- Adaptation Fund-: The Adaptation Fund, exists to serve the Kyoto Protocol (the deal struck in 1997 committing developed nations to emissions cuts up to 2020).Countries merely agreed to discuss the issue and hand in their views by 31 March 2017.
- Facilitative Dialogue: The organisation of the 2018 facilitative dialogue proved to be controversial. Countries agreed in Paris that they would convene in 2018 to take stock of how climate action was going so far — a discussion that is intended to inform the next round of national pledges, known as nationally determined contributions, or NDCs. In Marrakech, it was decided that the presidents of COP22 and the forthcoming COP23 would consult with countries on the organisation of this dialogue and report back on their findings in a year’s time. Article 4 of the Paris Agreement deals with both the long-term net-zero emissions in the second half of the century” goal, as well as the need for NDCs to provide “clarity and transparency. A key theme of COP22 was debating how best to create a fair rulebook that all countries could share and have confidence in when assessing each other’s climate pledges. The technicalities of the rulebook – baselines, methodologies, etc – will be discussed in 2018.
- Loss and damage: Countries also approved a five-year work plan on “loss and damage”, which will start in 2017 and will see countries start to formally address topics such as slow-onset impacts of climate change, non-economic losses (for example, culture and identity) and migration. In other words, dealing with climate impacts that are beyond adaptation.
- Mid-century strategy: The Paris Agreement encourages countries to prepare and submit “long-term low greenhouse gas emission development strategies” outlining the kinds of actions needed to achieve much deeper emission reductions. In Marrakech, Canada, Germany, Mexico, and the United States became the first countries to submit what has come to be known as mid-century strategies. A new initiative called the 2050 Pathway Platform was launched, with support from a broad array of national governments, cities, states, and companies, to help other countries develop their own mid-century strategies.
- A statement of the need for action and countries’ will to act was agreed – the Marrakech Action Proclamation for Our Climate and Sustainable Development.
- The Climate Vulnerable Forum, which is an international partnership of countries highly vulnerable to a warming planet, committed to update their NDCs before 2020, prepare long-term low-emissions development strategies, and generate 100% of their energy from renewable sources as soon as possible.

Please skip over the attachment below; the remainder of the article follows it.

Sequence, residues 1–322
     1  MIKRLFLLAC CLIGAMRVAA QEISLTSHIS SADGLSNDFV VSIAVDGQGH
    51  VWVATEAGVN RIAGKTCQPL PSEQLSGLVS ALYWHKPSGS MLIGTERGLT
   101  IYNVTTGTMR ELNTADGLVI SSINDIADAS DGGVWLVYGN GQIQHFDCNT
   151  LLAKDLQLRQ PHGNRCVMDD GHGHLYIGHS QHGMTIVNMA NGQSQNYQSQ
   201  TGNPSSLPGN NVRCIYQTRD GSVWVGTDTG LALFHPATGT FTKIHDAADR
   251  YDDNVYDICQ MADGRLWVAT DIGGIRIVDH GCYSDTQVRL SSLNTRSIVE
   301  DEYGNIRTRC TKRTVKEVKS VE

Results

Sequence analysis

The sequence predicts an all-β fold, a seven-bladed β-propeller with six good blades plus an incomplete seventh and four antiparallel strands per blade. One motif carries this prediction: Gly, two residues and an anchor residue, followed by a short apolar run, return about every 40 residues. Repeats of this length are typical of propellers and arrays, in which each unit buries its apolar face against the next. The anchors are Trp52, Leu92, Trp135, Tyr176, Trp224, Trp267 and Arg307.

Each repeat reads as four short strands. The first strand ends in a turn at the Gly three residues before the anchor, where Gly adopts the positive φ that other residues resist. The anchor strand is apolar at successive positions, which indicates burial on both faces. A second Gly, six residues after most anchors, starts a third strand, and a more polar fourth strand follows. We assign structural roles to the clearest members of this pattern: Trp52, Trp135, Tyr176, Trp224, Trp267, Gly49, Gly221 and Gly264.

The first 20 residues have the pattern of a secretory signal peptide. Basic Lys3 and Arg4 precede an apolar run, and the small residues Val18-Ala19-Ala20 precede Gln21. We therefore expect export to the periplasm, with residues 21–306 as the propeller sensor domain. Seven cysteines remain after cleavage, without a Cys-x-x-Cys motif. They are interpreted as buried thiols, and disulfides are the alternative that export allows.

- Finance: Heading into Marrakech, developed countries released a roadmap outlining how they foresee meeting the goal of mobilizing $100 billion a year in public and private finance for developing countries by 2020. In Marrakech, the UNFCCC’s Standing Committee on Finance released its second biennial assessment, showing that total global FINANCE Heading into Marrakech, developed countries released a roadmap outlining how they foresee meeting the goal of mobilizing $100 billion a year in public and private finance for developing countries by 2020. In Marrakech, the UNFCCC’s Standing Committee on Finance released its second biennial assessment, showing that total global climate finance increased 15 percent in 2013-14, reaching a high-bound estimate of $741 billion in 2014.
Countries and others announced a variety of new financial pledges, including:
- $23 million for the Climate Technology Centre and Network (CTCN), which provides technical assistance and capacity building for developing countries.
- More than $50 million for the Capacity-building Initiative for Transparency established in Paris to help developing countries build the capacity to meet new transparency requirements; and
- A doubling of World Bank climate finance for the Middle East-North Africa region to $1.5 billion by 2020.
Decisions adopted by COP 22
- Preparations for entry into force of the Paris Agreement and the first session of the Conference of the Parties serving as the meeting of the Parties to the Paris Agreement
- Warsaw International Mechanism for Loss and Damage associated with Climate Change Impacts.
- Review of the Warsaw International Mechanism for Loss and Damage associated with Climate Change Impacts
- Initiation of a process to identify the information to be provided by parties in accordance with Article 9 of the Paris Agreement.
- Enhancing climate technology development and transfer through the Technology Mechanism
- Improving the effectiveness of the Doha work programme on Article 6 of the Convention
- Implementation of global observing system for climate change
COP 23 Bonn, Germany, 2017
The 23rd session of the Conference of the Parties (COP 23) to the UN Convention on Climate Change (UNFCCC) took place at the headquarters of the UNFCCC Secretariat in Bonn, Germany. It was presided over by the Government of Fiji, the UN Climate Change Conference included the 23rd session of the Conference of the Parties (COP 23) to the UNFCCC, the 13th session of the Conference of the Parties serving as the Meeting of the Parties to the Kyoto Protocol (CMP 13) and the 47th sessions of the Subsidiary Body for Scientific and Technological Advice (SBSTA 47) and the Subsidiary Body for Implementation (SBI 47).
Key outcomes and Adopted decisions
- To provide guidance on the completion of the Paris Agreement work programme.
- To launch the Talanoa Dialogue (the Fijian name for the 2018 facilitative dialogue)